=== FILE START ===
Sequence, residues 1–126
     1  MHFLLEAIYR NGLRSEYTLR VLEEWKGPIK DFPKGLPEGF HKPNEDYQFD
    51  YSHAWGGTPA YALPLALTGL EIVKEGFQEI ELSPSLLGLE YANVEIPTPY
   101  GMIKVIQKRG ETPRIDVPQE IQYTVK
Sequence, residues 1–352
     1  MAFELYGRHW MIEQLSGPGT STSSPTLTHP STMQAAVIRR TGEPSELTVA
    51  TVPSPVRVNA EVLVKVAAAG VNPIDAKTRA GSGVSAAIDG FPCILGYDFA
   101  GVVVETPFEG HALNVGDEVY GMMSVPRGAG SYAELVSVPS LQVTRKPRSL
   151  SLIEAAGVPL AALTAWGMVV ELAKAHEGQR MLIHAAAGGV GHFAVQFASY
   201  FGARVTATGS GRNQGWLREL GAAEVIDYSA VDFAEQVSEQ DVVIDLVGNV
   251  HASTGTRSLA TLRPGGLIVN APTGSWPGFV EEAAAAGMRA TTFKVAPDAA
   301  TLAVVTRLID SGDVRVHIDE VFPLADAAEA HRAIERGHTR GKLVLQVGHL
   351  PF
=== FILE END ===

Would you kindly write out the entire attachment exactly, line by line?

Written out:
Sequence, residues 1–126
     1  MHFLLEAIYR NGLRSEYTLR VLEEWKGPIK DFPKGLPEGF HKPNEDYQFD
    51  YSHAWGGTPA YALPLALTGL EIVKEGFQEI ELSPSLLGLE YANVEIPTPY
   101  GMIKVIQKRG ETPRIDVPQE IQYTVK
Sequence, residues 1–352
     1  MAFELYGRHW MIEQLSGPGT STSSPTLTHP STMQAAVIRR TGEPSELTVA
    51  TVPSPVRVNA EVLVKVAAAG VNPIDAKTRA GSGVSAAIDG FPCILGYDFA
   101  GVVVETPFEG HALNVGDEVY GMMSVPRGAG SYAELVSVPS LQVTRKPRSL
   151  SLIEAAGVPL AALTAWGMVV ELAKAHEGQR MLIHAAAGGV GHFAVQFASY
   201  FGARVTATGS GRNQGWLREL GAAEVIDYSA VDFAEQVSEQ DVVIDLVGNV
   251  HASTGTRSLA TLRPGGLIVN APTGSWPGFV EEAAAAGMRA TTFKVAPDAA
   301  TLAVVTRLID SGDVRVHIDE VFPLADAAEA HRAIERGHTR GKLVLQVGHL
   351  PF